September 14, 2011
Name: J.P. Raab
Returned from: Afghanistan
Returning to: Afghanistan
Hometown: Rochester, NY
Milblog: With a Bible in My Ruck
Specialist McFlurry is in his late thirties and doesn't look a day over fifty. He's short, stocky, has a wrinkled face, teeth blackened from years of coffee, tobacco use, and a liver and kidney system undoubtedly pickled from years of hard drinking – habits developed on active duty and refined during his years as a correctional officer.
He's been in the Army a long time, and he likes to remind us of that every chance he gets. In the National Guard, it's not uncommon to see older guys (even veterans) in the lower ranks. On Active Duty, soldiers get promoted up or they get promoted out. But if you wanted to stay a Specialist E4 (“the best rank in the Army”) for twenty years in the National Guard and retire at that grade, there's nothing stopping you.
“Let me tell ya about this one guy I had to deal with,” his stories begin, or “There was this time in Korea, we were out on this field exercise, trying to dig sh----r holes,” or, more often, “So this one chick I was banging back in the early nineties...”
Laughter erupts from the platoon, usually followed by a chorus of “Shut the f--- up, McFlurry!” or “I love you, McFlurry!” When the Suck Factor is high, boredom is rampant, and the training is tough, it's good to have someone to turn to for a laugh.
“Tell us a story, McFlurry!”
Admittedly, his commentaries or his accounts are not always welcome. Sometimes soldiers will literally shout him down, while sometimes others will stand up for him because, well, they're bored as hell and want to laugh with – or at – someone.
“McFlurry, finish the story,” my squad leader said one time, “and it better be funny, otherwise I'm gonna kick your ass. Don't just start out with something funny and then bumblef--- your way into something stupid. Finish strong.”
Regardless of rank, McFlurry will usually mumble something offensive under his breath: “Pretty-boy mumble mumble telling me I ain't funny mumble mumble."
“What?” my squad leader snapped.
“Uhh, uh-huh, nothing big Sarge!” McFlurry said, smiling and looking away.
“Tell the G—damn story!” someone yelled.
From there, McFlurry's story – like all of his stories – meandered down a complex and ever-winding path of vulgarity and self-deprecation. McFlurry isn't the best storyteller, but he knows how to make everyone laugh. In that way, he's good for morale. Even though he often presents himself as a disgusting slob with his dirty face and pound of dip sitting not-so-snugly in his lower lip, he enjoys the attention, even negative attention, and relishes the chance to be the platoon (and company) clown. He's an older man among the young, and spending time with us is his way of recapturing some of the magic of his prime.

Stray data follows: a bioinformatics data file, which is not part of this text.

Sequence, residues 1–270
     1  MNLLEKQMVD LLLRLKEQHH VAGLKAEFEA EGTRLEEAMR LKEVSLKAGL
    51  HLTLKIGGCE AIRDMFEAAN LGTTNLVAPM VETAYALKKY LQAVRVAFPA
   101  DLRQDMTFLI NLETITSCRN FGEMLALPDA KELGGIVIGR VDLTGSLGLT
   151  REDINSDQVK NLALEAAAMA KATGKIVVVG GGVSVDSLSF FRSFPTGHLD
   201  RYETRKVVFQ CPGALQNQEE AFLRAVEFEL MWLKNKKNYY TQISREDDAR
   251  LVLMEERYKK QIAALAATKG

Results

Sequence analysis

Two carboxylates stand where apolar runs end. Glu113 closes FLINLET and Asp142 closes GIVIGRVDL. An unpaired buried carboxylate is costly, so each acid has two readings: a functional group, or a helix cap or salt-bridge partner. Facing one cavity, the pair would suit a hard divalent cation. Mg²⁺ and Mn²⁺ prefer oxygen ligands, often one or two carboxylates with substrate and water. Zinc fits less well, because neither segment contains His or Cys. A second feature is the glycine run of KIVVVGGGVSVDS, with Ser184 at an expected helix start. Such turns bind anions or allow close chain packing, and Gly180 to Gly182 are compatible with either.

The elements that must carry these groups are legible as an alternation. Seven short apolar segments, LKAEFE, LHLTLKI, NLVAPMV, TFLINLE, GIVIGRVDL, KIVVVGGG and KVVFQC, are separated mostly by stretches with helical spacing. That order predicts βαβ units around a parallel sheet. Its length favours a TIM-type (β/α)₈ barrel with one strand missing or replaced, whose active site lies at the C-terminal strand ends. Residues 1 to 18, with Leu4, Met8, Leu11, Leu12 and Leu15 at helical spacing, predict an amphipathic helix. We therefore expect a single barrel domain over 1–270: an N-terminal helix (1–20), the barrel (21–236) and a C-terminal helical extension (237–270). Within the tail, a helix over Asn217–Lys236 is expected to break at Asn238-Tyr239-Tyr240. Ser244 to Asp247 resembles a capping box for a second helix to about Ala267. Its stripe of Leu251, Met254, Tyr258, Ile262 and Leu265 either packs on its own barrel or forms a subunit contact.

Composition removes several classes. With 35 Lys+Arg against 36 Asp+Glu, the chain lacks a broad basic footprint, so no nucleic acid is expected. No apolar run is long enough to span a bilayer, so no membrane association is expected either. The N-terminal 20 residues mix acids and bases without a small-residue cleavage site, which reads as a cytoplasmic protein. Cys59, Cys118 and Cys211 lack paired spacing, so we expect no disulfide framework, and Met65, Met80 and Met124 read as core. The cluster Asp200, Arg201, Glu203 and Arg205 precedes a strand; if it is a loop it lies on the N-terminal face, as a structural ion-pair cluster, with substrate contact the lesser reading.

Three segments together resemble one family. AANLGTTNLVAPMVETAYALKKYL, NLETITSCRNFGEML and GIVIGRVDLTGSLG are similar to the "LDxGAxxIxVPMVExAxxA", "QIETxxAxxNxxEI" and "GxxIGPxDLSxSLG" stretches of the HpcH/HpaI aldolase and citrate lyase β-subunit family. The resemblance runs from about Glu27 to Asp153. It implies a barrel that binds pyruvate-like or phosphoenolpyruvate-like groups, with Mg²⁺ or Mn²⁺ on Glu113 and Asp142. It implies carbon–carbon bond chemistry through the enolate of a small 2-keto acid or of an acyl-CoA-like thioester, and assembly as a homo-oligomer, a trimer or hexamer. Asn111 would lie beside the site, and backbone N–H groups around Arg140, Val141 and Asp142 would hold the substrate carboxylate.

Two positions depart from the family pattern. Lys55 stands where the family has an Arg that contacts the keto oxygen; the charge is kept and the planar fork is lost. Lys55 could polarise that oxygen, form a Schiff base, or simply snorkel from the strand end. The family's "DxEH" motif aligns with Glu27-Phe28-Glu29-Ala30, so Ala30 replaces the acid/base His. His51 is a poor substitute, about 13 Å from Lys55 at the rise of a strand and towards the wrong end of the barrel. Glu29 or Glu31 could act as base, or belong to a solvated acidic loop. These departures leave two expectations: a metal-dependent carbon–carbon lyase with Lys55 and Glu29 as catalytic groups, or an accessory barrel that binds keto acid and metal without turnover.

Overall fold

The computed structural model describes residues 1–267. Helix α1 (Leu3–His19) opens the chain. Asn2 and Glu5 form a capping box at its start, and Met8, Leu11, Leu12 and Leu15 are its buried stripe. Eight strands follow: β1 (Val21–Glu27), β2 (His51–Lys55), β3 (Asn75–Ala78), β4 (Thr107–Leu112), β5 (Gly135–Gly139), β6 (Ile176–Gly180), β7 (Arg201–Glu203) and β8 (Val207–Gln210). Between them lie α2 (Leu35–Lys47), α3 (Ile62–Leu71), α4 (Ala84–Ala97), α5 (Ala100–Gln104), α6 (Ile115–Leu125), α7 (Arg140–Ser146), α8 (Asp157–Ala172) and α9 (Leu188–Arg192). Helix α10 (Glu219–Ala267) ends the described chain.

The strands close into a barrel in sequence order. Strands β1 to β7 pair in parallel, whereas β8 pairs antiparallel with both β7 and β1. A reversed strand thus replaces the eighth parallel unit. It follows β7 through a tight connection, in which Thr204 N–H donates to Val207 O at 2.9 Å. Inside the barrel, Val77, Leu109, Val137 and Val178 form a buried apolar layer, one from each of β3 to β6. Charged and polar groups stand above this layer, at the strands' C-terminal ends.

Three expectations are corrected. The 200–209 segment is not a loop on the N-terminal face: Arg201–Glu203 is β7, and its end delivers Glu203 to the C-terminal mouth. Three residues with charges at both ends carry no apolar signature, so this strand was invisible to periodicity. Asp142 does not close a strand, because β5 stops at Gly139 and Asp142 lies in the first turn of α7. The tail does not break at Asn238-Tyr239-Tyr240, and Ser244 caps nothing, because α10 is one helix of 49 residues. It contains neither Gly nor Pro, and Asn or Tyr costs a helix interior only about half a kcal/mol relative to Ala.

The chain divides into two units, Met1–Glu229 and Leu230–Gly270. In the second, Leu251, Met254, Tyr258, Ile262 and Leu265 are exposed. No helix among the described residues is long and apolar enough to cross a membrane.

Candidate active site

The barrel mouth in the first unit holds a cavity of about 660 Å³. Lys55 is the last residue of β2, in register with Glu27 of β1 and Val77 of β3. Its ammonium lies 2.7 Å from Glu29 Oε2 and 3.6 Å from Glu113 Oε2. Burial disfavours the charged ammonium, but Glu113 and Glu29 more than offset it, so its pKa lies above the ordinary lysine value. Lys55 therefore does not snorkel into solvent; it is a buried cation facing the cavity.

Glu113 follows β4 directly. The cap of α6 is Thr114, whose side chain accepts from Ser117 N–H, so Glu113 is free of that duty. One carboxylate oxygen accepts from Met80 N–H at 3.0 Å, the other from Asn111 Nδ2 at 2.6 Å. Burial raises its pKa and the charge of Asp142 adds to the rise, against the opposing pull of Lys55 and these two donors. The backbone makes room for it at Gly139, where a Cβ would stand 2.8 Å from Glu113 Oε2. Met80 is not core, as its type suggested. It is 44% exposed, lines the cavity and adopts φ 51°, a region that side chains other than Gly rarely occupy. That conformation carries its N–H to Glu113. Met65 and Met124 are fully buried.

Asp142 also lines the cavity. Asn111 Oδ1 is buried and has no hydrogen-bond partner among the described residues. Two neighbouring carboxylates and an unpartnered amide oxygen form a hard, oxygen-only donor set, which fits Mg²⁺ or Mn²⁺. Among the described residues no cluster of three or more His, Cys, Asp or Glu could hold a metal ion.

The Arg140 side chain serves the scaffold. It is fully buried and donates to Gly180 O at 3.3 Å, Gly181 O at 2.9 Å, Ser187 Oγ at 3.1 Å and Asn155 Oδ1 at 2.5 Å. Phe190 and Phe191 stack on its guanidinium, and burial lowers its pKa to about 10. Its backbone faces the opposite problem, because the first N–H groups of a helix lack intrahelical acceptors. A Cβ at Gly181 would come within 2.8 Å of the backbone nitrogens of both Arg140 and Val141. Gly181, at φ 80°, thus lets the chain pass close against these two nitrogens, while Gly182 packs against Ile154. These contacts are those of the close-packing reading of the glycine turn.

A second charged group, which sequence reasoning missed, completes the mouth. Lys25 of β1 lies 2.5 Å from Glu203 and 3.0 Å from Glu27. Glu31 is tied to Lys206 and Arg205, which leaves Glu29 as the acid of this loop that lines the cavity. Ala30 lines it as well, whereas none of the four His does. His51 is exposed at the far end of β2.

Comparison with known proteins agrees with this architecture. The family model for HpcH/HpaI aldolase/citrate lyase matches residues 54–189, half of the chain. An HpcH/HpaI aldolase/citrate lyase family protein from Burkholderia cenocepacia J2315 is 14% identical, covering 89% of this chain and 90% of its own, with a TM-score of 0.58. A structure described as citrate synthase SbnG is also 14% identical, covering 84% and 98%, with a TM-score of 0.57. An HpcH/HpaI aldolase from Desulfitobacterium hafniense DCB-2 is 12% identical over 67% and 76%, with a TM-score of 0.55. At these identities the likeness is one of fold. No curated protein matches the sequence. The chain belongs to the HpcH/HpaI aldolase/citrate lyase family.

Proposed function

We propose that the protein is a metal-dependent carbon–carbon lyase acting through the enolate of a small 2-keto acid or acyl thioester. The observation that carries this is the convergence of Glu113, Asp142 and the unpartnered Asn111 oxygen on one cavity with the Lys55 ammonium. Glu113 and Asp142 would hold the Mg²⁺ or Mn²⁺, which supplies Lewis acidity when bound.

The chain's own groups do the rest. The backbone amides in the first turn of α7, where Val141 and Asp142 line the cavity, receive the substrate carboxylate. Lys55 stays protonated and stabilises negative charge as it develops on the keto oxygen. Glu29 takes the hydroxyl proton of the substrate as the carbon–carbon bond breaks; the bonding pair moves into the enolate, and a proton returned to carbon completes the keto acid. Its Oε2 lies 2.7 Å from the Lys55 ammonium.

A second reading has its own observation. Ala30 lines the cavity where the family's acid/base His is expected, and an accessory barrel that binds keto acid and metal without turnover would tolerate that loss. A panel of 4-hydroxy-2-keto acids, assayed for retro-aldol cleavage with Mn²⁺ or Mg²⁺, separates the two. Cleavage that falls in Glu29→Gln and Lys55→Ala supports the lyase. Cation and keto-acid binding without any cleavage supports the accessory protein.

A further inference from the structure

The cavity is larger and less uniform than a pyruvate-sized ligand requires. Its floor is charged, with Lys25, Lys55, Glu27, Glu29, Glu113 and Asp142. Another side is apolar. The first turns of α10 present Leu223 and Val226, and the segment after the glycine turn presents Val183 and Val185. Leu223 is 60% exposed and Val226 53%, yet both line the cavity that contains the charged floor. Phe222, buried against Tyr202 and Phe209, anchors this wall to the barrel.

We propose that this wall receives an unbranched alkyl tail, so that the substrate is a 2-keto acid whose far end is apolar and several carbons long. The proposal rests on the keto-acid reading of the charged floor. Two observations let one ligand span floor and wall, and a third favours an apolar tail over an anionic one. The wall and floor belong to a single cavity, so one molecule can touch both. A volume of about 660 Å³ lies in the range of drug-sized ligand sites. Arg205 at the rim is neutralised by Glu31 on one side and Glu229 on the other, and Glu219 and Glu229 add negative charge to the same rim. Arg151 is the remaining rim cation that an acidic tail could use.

It is no surprise, then, that when our battalion S-3 (Operations officer; the man in charge of much of the battalion-level planning, sort of a right-hand man to the commander) wandered through our circus tent in search of soldiers as part of a “sensing session” (getting on-the-ground opinions and observations), that McFlurry of all people would be the soldier to meet him.
I was sitting on my cot, trying hard not to fall asleep, when I looked over at the entourage of officers and senior NCOs in crisp, clean uniforms stop at Specialist McFlurry's garbage-strewn bunk.
Shirtless, sweaty, grungy, and with a giant dip in his lower lip, McFlurry slowly stood up to the position of attention. He looked somewhat uncomfortable as the officer asked him questions.
“What the hell is this?” I said to myself, sitting up. I watched without looking like I was watching – a skill all soldiers develop in Basic Training. After several minutes, McFlurry sat back down and the procession marched on to find some other soldier to bother.
I got up and went over to McFlurry's bunk.
“What was that all about?” I asked.
“Oh, just the S-3,” he said. “Asked me what unit I'm in, and about my family and about the training.”
“What did you tell him?”
“Told him the family's good, the training's been alright,” he answered.
“Did he say anything about the fact that you're sitting here with your hairy chest out, covered in dirt?”
“No, didn't seem to notice, actually. He was a nice guy.”
“Well, if someone had to represent Alpha Company, I'm glad it was you, McFlurry. You're the face of the American fighting man.”
“Thank you, Sergeant,” he said, smiling, sure that there was a joke in there somewhere.
“Carry on, hero,” I said, walking away and shaking my head.
If you have never been in the military, you probably have never met him. But if you have served – especially in a combat unit – you have. Guys like him keep the Army (or the Marines, Navy, or Air Force, for that matter) fighting. Everyone has a job in the Army. There's no Military Occupational Specialty designator for “Platoon Clown”, but there should be. It is just important a role as Rifleman or Medic.
I'm not sure what all of his reasons are for being with us, but I know that many months from now, we're going to need a good laugh. And we'll know where to look for one.
Jonathan Raab is a spokesman for Iraq and Afghanistan Veterans of America who is currently preparing for his second deployment to Afghanistan with the New York Army National Guard. You can follow his blog at www.withabibleinmyruck.blogspot.com.